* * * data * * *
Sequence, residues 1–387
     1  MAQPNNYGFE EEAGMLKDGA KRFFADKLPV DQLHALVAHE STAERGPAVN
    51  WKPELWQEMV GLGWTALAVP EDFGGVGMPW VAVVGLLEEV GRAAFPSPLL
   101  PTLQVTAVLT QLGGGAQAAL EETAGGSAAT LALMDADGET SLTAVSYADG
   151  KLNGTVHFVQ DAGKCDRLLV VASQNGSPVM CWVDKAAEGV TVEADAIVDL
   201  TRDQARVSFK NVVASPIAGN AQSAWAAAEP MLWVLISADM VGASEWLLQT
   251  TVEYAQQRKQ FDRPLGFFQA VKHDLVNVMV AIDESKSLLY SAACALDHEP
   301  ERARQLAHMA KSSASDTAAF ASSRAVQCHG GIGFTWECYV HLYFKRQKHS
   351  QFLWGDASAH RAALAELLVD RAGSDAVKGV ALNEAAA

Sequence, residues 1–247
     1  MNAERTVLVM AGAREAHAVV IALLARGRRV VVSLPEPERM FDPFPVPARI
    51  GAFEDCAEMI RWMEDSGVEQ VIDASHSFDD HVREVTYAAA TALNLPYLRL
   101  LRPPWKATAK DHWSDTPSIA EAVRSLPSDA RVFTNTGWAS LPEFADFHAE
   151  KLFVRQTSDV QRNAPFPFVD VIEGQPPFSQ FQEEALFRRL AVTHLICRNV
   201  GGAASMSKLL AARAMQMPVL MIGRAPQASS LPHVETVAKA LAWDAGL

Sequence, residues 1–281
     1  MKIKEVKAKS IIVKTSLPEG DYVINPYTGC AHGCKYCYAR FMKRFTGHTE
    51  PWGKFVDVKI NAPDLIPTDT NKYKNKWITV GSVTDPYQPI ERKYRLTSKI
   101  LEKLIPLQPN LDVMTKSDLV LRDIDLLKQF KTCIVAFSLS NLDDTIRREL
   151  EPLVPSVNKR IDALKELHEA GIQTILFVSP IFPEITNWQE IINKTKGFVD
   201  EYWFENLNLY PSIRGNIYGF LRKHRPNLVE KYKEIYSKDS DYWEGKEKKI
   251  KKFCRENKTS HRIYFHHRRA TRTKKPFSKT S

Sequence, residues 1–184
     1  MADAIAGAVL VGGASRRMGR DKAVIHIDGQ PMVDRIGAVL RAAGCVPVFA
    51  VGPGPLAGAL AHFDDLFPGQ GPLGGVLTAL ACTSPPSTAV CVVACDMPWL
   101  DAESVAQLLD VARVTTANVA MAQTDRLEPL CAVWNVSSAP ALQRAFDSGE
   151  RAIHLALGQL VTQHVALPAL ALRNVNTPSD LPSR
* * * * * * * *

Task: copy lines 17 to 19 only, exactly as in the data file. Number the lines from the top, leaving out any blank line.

     1  MKIKEVKAKS IIVKTSLPEG DYVINPYTGC AHGCKYCYAR FMKRFTGHTE
    51  PWGKFVDVKI NAPDLIPTDT NKYKNKWITV GSVTDPYQPI ERKYRLTSKI
   101  LEKLIPLQPN LDVMTKSDLV LRDIDLLKQF KTCIVAFSLS NLDDTIRREL